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psychological cost

My friend Charlie has a piece on the band Enon in the Phoenix New Times, wherein he makes the following comment:

Whatever else you want to say about the Recording Industry Association of America's strategy in suing its target market, at least it has the virtue of restoring the psychological cost of music consumption. Time was, you had to labor long and hard to decide which record to take home. A mistake could ruin your day, week or month. But the process of deliberation and the gap between purchases made the music you liked sound sweeter. The triumphs took the form of albums you bought, hesitantly, for the singles, only to discover that other songs were even better. In destroying this simple pleasure, the rise of file sharing and its legal substitutes has irrevocably changed our feelings about music.
I can't say I agree with Charlie's "no pain, no gain" theory of music appreciation. Well, I think I see where he's coming from ... it's similar to something I mused over awhile back, wondering if I took my kids on too many excursions to the ballpark when they were young. Maybe if you've got 10,000 songs on your hard drive, you don't appreciate that one really good song as much as you would when that one really good song is the only thing you've got.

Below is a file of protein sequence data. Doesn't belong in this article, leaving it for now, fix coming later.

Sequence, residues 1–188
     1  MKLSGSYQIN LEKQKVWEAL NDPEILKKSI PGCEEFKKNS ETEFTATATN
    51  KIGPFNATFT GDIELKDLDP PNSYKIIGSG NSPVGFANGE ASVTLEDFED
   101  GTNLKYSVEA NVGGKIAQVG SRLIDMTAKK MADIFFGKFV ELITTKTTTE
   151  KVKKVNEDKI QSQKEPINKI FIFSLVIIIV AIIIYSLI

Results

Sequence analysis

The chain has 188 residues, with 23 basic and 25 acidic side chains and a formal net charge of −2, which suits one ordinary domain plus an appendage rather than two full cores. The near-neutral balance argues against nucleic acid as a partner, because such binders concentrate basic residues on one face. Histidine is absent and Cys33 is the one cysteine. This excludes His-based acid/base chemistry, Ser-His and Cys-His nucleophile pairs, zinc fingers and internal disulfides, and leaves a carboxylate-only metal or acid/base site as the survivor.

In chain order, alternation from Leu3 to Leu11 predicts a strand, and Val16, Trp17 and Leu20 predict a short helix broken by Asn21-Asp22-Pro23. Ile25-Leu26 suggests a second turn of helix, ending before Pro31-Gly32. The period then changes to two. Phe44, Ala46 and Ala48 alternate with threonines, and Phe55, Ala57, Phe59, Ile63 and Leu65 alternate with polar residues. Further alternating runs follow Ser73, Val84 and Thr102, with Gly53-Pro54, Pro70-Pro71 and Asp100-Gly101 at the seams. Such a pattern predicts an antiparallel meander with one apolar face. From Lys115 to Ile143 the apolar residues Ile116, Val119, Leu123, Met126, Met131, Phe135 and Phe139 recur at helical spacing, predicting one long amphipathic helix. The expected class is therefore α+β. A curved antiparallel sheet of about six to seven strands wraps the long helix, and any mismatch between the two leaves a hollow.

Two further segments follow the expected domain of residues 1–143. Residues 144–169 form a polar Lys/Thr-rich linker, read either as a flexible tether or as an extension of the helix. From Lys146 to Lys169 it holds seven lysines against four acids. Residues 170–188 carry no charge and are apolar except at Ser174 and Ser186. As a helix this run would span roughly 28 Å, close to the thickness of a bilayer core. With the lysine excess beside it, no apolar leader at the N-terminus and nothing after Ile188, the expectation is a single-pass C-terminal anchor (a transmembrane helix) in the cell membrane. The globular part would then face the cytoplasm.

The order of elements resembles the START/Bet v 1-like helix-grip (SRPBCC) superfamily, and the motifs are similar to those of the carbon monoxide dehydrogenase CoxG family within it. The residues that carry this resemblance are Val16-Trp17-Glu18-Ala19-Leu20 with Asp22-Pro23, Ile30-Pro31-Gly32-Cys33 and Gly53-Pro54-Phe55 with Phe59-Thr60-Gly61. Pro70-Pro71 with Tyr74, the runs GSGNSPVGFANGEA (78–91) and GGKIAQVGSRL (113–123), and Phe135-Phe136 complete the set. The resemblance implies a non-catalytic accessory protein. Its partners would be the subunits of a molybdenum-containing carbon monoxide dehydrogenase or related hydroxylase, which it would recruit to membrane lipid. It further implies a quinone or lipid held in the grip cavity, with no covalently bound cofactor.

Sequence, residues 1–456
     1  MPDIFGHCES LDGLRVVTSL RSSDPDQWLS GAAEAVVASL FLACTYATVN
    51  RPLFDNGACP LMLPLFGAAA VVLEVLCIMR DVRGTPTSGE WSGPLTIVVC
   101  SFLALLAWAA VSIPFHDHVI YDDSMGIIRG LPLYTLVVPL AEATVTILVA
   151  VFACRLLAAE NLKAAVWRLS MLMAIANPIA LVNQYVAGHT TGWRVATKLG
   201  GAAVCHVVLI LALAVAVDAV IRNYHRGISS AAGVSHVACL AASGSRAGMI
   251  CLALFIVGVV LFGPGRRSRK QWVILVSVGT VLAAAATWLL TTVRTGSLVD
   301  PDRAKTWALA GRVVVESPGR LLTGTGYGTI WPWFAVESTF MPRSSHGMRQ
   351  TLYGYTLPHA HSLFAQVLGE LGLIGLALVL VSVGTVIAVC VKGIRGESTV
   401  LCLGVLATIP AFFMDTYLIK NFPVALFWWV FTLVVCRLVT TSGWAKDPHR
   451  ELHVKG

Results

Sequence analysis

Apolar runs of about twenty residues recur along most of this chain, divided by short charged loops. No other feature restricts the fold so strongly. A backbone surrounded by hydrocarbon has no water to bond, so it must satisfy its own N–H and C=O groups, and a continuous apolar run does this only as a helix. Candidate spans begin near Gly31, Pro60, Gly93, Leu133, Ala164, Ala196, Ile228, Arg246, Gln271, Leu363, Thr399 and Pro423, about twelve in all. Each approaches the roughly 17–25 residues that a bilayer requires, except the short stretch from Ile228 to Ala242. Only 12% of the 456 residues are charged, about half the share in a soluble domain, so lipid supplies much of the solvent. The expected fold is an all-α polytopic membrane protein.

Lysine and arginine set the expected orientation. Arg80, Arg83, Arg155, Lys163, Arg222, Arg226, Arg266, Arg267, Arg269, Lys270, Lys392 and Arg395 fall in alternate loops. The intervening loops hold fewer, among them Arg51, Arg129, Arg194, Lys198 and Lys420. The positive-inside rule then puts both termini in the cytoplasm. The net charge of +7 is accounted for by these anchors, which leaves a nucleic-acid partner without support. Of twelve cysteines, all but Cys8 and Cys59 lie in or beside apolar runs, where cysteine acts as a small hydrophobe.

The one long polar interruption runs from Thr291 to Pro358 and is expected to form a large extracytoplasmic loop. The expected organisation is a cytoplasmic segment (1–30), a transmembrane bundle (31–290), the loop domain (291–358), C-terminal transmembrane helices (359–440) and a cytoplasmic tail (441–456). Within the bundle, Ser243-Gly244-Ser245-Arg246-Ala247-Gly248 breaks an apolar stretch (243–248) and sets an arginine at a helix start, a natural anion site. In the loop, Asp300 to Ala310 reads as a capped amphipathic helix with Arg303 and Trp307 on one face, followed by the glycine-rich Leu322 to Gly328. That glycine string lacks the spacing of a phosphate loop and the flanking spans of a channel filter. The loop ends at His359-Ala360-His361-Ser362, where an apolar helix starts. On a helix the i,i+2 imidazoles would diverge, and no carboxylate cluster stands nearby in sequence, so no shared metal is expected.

But let's break down what he's saying here. "You had to labor long and hard to decide which record to take home." When I was a kid, you could play the record in the store before you decided whether or not to buy it; that was part of the long and hard labor. Me, I've always been a sucker for critics' commentary, so part of my long and hard labor is to read the reviews of writers like Charlie that I respect. All I'm saying is that I understand about the long and hard labor. But I don't see how things are different now. I think "I'd like some new tunes" ... I decide to put in some long and hard labor deciding which tunes I'll get ... I download a bunch of stuff and listen to it ... at the end, I find that the one song that first got my attention isn't as good as three other songs on the same album, and with that simple pleasure in mind, I buy the album. How is this bad, or even different, from the long and hard labor of the past?

Ah, here it is: "A mistake could ruin your day, week or month." I remember those days v.well. But I can't say I miss them. Now, you make a mistake, you erase it from your hard drive. When you finally spend your hard-earned money, you have a lot better sense that you're not making a mistake with your purchase. That's a GOOD thing.

Me, I don't want to suffer a psychological cost as a price for enjoying music. I just want to enjoy it. Tools that make enjoyment easier are alright with me.

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